The sodium-potassium pump works as follows:

  1. A carrier protein gets three sodium ions bound to it.

  2. ATP hydrolysis results in ADP due to the release of one phosphate group. This one phosphate group binds to the sodium-potassium pump and supplies the energy, causing a conformational change in the carrier protein.

  3. The pump or carrier protein undergoes a conformational change allowing the sodium \((Na^+)\) ions to cross the membrane and exit the cell.

  4. The carrier protein's conformational shape allows two potassium \((K^+)\) to bind to it.

  5. The phosphate group is released from the pump, resulting in the carrier protein returning to its original shape.

  6. This change to the original shape lets two potassium \((K^+)\) move across the membrane and enter the cell.

Primary Active Transport Sodium-potassium pump Study SmarterFigure 2: Sodium-potassium pump illustrated. Wikimedia, LadyofHats.

Primary vs. secondary active transport

The sodium-potassium pump is an example of primary active transport because ATP directly attaches to the pump. Secondary active transport is another type of active transport. Unlike primary active transport, secondary active transport doesn't use ATP directly.

Instead, secondary active transport couples or pairs the transport proteins to the movement of ions or charged molecules down their concentration or electrochemical gradient to another molecule moving against its concentration or electrochemical gradient.

The sodium-glucose pump is an example of a secondary active transport:

  • Cellslike to maintain a higher sodium concentration outside and a higher potassium concentration within the cell. The sodium-glucose pump works through a carrier protein attaching to glucose and two sodium ions simultaneously. This is because neither glucose nor sodium wants to go against their gradient, resulting in sodium wishing to enter the cell while glucose doesn't.

  • The difference in energy gradient resulting from sodium wanting to enter the cell drives the glucose into the cell with it. The cell has to use the sodium-potassium pump mentioned earlier to move sodium ions back out.

  • The sodium-glucose pump is a secondary active transport because it couples the movement of sodium down its concentration gradient with the movement of glucose, which, unlike sodium, is going against its concentration gradient. This is shown graphically in Figure 3.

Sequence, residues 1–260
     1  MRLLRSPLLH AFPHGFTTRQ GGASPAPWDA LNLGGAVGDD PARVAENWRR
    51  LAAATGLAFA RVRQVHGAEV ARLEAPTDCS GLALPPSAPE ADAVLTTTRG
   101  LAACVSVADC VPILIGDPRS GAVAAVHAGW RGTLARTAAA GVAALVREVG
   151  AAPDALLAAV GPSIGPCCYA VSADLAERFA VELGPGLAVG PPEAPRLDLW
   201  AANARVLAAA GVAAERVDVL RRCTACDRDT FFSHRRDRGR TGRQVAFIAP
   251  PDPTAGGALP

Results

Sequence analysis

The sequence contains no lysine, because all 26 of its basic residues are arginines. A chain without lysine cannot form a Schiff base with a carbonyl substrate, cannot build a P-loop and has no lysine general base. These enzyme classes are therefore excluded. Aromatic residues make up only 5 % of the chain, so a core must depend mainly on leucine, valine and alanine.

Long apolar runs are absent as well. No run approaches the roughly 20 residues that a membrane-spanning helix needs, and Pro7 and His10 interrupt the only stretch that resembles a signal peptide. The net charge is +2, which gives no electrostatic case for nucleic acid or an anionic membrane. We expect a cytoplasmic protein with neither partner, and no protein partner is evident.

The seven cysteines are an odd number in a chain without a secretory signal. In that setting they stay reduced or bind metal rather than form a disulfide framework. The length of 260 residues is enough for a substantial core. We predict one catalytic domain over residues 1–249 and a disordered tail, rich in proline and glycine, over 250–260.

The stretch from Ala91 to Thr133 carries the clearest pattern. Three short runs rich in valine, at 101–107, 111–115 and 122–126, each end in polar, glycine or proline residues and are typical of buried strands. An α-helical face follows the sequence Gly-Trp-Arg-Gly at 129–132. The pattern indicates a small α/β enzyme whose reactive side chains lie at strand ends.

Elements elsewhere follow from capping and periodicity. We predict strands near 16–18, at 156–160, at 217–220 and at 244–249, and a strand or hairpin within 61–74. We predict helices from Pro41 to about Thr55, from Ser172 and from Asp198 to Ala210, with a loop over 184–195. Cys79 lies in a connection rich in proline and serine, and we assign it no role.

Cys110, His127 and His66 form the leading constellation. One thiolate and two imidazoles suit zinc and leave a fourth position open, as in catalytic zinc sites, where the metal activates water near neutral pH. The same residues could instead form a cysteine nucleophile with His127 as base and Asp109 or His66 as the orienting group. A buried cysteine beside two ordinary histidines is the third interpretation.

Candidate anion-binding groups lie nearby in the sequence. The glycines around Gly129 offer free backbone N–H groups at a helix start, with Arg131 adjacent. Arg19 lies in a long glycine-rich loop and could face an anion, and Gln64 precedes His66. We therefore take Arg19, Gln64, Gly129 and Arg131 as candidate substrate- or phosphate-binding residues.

Primary Active Transport Sodium-glucose pump Study SmarterFigure 3: Sodium-glucose pump illustrated. Wikimedia, LadyofHats.

Primary active transport diagram

Active transports can be classified based on the direction molecules travel in and how many there are. The types of transporters are antiporters, uniporters, and symporters, as shown in Figure 4.

  • Uniporters are transporters that only move one type of molecule.

  • Symporters transport two types of molecules in the same direction. An example of a symporter is the sodium-glucose pump.

  • Antiporters transport two types of molecules but in opposite directions. An example of an antiporter is the sodium-potassium pump.

Primary Active Transport Types of transporters Study SmarterFigure 4: Types of transporters illustrated. Wikimedia, Lupask.

The electrochemical gradient is a gradient that consists of a chemical and electrical aspect, hence the name. The chemical gradient is created by the difference in molecule concentration inside and outside the membrane. In contrast, the electrical gradient is created by the difference in charge inside and outside the membrane. Since the electrochemical gradient deals with charges, it occurs when ions or polar molecules are involved.

Electrochemical gradients are essential in processes like photosynthesis and cellular respiration. This is because both biological processes need to generate ATP. For photosynthesis, ATP is generated by light-dependent reactions in chloroplasts. While in cellular respiration, it occurs in the final step called the electron transport chain (ETC). The process of ETC is illustrated in Figure 5 and deals with protein complexes that create an electrochemical gradient to power ATP synthase and create ATP.

Other uses of electrochemical gradients are nerve impulses through the sodium-potassium pump, hormone secretion, and even muscle contraction. The sodium-potassium pump uses an electrochemical gradient because the ions' concentration differs inside and outside the cell. Since the sodium-potassium pump deals with ions, the charges are also different.